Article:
Only in Nepal perhaps does the leader of the fourth-largest party in parliament who was just installed as Deputy Prime Minister sit on the asphalt in protest. Photos this week show Kamal Thapa with a befuddled Nepal Army bodyguard confronting riot police who later fired tear gas and baton charged supporters of his Hindu-royalist RPP.
Thapa was there to challenge the Election Commission refusing to accept his party’s manifesto that calls for the restoration of a Hindu monarchy in Nepal. We feel it was no coincidence that the RPP protest this week came right after the dramatic power consolidation of Indian Prime Minister Narendra Modi’s BJP in state elections, and the installation of a saffron chief minister in Uttar Pradesh. It just went to prove that there must be some truth to the apocryphal adage that when it rains in New Delhi a politician in Kathmandu unfurls an umbrella ... or goes off to China.
After the BJP came to power in 2014, there has been a struggle between Modi’s advisers in the PMO and the Indian foreign policy establishment for policy and control. Some of that is also a result of strained relations within the BJP, particularly between Modi and the Minister of External Affairs Sushma Swaraj. This tension has sowed some confusion about Indian policy on Nepal for the past three years.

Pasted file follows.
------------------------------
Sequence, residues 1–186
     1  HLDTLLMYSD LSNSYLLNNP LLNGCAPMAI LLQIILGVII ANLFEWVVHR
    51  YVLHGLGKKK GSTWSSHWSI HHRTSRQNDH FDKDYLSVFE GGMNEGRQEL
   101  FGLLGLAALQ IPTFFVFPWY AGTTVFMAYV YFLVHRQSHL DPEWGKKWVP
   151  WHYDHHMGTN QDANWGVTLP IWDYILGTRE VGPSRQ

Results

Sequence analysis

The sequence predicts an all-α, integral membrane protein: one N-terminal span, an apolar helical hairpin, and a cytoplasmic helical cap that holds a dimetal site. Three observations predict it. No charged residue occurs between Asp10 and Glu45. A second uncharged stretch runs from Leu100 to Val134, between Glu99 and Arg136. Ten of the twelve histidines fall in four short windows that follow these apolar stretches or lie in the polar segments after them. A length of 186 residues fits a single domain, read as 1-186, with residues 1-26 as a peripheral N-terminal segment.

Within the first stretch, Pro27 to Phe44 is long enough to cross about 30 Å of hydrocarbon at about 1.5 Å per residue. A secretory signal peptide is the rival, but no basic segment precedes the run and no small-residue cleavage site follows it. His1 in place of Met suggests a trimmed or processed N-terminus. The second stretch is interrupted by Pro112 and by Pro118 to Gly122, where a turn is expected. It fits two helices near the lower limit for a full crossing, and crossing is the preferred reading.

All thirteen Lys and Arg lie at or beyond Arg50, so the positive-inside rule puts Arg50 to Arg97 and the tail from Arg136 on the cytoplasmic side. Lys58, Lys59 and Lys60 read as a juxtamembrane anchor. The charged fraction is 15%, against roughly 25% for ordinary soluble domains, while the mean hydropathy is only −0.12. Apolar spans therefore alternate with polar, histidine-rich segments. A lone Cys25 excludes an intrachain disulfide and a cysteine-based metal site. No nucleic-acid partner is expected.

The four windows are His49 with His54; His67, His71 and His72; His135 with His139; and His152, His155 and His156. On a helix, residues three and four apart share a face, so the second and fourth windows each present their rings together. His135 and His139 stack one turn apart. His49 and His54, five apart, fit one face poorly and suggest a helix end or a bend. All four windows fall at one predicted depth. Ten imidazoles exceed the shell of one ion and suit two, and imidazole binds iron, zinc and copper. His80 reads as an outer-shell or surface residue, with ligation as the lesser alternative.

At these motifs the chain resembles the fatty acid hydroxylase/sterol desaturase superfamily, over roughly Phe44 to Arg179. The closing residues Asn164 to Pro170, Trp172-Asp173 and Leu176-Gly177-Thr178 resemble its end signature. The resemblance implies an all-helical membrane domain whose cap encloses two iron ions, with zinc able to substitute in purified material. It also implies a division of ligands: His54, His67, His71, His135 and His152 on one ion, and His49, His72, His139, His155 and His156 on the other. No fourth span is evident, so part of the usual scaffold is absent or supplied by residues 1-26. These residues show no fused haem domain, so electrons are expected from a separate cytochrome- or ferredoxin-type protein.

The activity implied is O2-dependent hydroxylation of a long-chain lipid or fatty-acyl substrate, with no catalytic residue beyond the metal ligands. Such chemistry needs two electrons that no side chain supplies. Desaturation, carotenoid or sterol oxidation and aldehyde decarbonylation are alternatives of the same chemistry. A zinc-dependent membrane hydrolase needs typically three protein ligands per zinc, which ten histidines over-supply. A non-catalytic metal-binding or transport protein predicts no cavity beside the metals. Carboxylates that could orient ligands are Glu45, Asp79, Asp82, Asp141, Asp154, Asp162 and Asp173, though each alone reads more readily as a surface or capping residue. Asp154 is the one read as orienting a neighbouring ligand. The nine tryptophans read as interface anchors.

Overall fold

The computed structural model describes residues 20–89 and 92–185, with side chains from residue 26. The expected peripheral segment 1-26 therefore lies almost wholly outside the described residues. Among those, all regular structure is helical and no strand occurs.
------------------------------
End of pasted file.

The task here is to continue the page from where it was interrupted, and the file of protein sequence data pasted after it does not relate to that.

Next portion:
Indian visitors in Kathmandu have sent conflicting signals while meeting Nepali leaders on issues like Nepal’s secular, federal and republican constitution. The external affairs bureaucracy in India with its intelligence agencies have been the architects since November 2005 of Nepal’s peace process that is now culminating with the constitution. The weakening of the secular Congress-Left could mean that the ascendant Hindu-Right shakti peeth in New Delhi will try to reboot its policy on Nepal.
The new Uttar Pradesh Chief Minister Yogi Adityanath is the high priest of the patron deity of Nepal’s former royal family in Gorakhpur. He has been disparaging about Nepal’s secular constitution, and openly spoken about restoring the Hindu monarchy. Other BJP advisers have also made no secret of their antipathy to a secular and republican Nepal.
Political infighting in Kathmandu, the intractable confusion over amendments to the constitution, and some would say even the five-month blockade of Nepal in 2015 were a manifestation of secular leftists and Hindu revivalists working at cross-purposes in New Delhi’s corridors of power. Kamal Thapa and the Khum Bahadur Khadka faction of the Nepali Congress appear to be just foot soldiers in this proxy war.
Nepal’s cultural, linguistic, religious and ethnic diversity is our national identity. How Nepalis want to define themselves should not change just because there is a new power balance in New Delhi.
Saffron surge, Om Astha Rai
Modi's India, Guest editorial
A U-turn, Om Astha Rai
After Adityanath, From the Nepali Press